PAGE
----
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News / Health / Breast Cancer

In pandemic, breast cancer treatment a sometimes solo flight for Vancouver women

Pandemic has made put more strain on those battling the disease

By Wyatt Stayner, Columbian staff writer
Published: October 11, 2020, 6:05am
9 Photos
Childhood friends Sherry Cianni, left, and Heather James found out they had breast cancer this spring and have navigated treatment together during the pandemic. &quot;I never though I&#039;d have breast cancer, but I have a buddy, someone to lean on,&quot; James said.
Childhood friends Sherry Cianni, left, and Heather James found out they had breast cancer this spring and have navigated treatment together during the pandemic. "I never though I'd have breast cancer, but I have a buddy, someone to lean on," James said. "They're not just a stranger you're calling." (Alisha Jucevic/The Columbian) Photo Gallery

Heather James, 50, dropped a dollop of conditioner on her chest while showering. When she wiped it off, she felt a lump.

Within the hour, James was in a doctor’s office. An appointment would normally take days to schedule, but because it was April, soon after the coronavirus pandemic arrived in Clark County, James was able to be seen almost immediately. The empty waiting room that greeted her was a sign of the loneliness to come.

“It looked like it was a ghost town,” said James, who lives in Vancouver. “I was the only person in the lobby.”

There’s no good time to have breast cancer. But James and others diagnosed this year must navigate treatment during a pandemic that has killed 1 million worldwide. They live in fear of catching COVID-19 while they’re weakened by punishing treatments. Precautions at clinics and hospitals mean they have to go to appointments alone, without the company of supportive family and friends.

As James put it, her phone is her best friend during chemotherapy infusions. She also reads self-help books.

Time moves slower during treatment, James said. If something goes wrong — such as James’ allergic reaction during her first treatment — it feels scarier to James without family or friends in the room.

“The sad part about all that is I had to do it alone,” James said. “It’s difficult with my family being on the outside and me being alone on the inside.”

Because of the pandemic, James, who works at nLIGHT, has kept her social circle small. It has taken a toll on her mental and emotional wellbeing.

“No one can come visit me at home. That’s difficult. I’m a very social person,” James said.

James keeps in touch Sherry Cianni, a good friend diagnosed with breast cancer at about the same time as James.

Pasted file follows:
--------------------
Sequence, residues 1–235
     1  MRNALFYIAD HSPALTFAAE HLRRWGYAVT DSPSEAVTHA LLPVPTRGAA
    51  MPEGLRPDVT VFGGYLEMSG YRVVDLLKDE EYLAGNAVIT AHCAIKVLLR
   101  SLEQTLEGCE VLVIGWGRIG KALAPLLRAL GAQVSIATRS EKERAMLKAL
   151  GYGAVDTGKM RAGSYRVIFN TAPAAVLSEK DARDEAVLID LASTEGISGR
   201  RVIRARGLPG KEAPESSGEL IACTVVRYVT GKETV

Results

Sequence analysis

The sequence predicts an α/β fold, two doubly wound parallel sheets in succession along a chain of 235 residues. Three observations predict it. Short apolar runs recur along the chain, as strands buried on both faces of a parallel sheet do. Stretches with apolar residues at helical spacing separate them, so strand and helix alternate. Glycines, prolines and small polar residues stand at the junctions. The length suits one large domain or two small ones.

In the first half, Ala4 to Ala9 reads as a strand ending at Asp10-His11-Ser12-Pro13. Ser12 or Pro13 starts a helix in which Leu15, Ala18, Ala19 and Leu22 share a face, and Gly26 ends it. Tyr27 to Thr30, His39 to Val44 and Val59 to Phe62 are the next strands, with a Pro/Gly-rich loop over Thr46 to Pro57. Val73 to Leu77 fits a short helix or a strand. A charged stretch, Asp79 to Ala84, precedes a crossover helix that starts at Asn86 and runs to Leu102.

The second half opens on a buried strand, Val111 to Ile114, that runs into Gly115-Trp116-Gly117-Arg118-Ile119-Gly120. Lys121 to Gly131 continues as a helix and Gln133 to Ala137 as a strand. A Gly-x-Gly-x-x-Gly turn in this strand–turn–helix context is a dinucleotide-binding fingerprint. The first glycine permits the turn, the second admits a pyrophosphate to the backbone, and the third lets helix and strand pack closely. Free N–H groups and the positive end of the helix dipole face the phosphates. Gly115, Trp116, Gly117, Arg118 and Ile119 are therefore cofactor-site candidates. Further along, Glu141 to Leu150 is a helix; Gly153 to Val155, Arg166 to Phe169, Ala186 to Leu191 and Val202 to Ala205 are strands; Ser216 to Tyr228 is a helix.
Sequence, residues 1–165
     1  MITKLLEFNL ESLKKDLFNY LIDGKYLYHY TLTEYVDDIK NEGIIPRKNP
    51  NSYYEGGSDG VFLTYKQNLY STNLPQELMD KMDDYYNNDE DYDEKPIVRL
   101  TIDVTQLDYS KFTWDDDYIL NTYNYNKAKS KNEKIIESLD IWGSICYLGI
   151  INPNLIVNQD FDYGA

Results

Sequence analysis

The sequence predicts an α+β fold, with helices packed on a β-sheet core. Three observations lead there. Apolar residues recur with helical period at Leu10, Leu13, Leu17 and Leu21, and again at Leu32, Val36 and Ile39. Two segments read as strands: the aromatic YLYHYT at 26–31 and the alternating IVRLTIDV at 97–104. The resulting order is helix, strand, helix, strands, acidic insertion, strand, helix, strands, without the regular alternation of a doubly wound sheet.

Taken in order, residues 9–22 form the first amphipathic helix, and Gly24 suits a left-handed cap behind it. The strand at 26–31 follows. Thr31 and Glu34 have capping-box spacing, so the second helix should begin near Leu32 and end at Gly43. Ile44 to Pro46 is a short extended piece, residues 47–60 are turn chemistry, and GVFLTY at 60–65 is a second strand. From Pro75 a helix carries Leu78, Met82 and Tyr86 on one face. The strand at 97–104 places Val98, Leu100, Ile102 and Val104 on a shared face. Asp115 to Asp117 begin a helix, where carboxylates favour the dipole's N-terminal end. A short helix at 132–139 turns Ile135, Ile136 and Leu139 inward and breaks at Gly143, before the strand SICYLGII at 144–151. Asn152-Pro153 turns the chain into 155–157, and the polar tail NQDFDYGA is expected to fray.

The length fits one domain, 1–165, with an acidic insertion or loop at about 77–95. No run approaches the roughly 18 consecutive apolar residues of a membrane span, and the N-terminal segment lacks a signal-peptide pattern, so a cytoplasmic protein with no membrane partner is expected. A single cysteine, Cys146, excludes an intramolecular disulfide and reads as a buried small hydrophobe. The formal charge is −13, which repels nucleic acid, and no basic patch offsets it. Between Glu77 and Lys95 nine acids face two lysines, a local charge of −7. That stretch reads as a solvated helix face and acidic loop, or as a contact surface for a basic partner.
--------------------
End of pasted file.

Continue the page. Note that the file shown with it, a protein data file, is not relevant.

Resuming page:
Cianni, a 56-year-old Vancouver resident, said “months have melted together” ever since her diagnosis.

When Cianni went for care after finding her lump, she was greeted by a clinic worker in a hazmat suit who escorted her through the back door.

“The whole process was scary,” Cianni said. “It’s like coronavirus and breast cancer happened at once. It still hasn’t really set in that I have breast cancer.”

Like James, Cianni said she was lonely during treatment and worried about catching COVID-19. Cianni limited in-person contact with family members, instead making video calls so they could help her keep her spirits up.

“It would have been nice if someone could have been there to hold my hand through all of this,” Cianni said.

Plus, as soon as she was diagnosed, Cianni started worrying about money. She’s single and works full time, but her shipping-and-receiving job pays minimum wage.

Cianni’s supervisors were flexible about her schedule, but she still wasn’t sure if she’d be able to cover her rent. The Pink Lemonade Project and Vancouver Women’s Foundation provided financial help to make sure Cianni would have housing stability during treatment.

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“It was a very comforting feeling to have assistance from those people,” Cianni said.

Disparities highlighted

The pandemic has exacerbated disparities that existed before, said Becky Price, a nurse navigator with Compass Oncology.

Some cancer patients grapple with financial hardship because they can’t work during treatment for fear of catching COVID-19 and developing complications.

Meanwhile, other women have delayed breast cancer screenings, even though early detection is key to survival.

“Patients were too scared to go into a clinic,” Price said.

While the pandemic has complicated James and Cianni’s battles against breast cancer, they both feel they’ve kept a positive outlook.

“It’s made me appreciate life a whole lot more,” Cianni said. “You never know when something like this is going to come at you.”

Last month, friends organized a drive-by parade for James, which Cianni attended and The Columbian covered. James said people read the story in Turkey, Italy and Germany and contacted her.

James said she’s not good at accepting help because she doesn’t want pity, but she has learned to lean on others. She has also learned more about herself: “I’m stronger than I thought I was.”

Columbian staff writer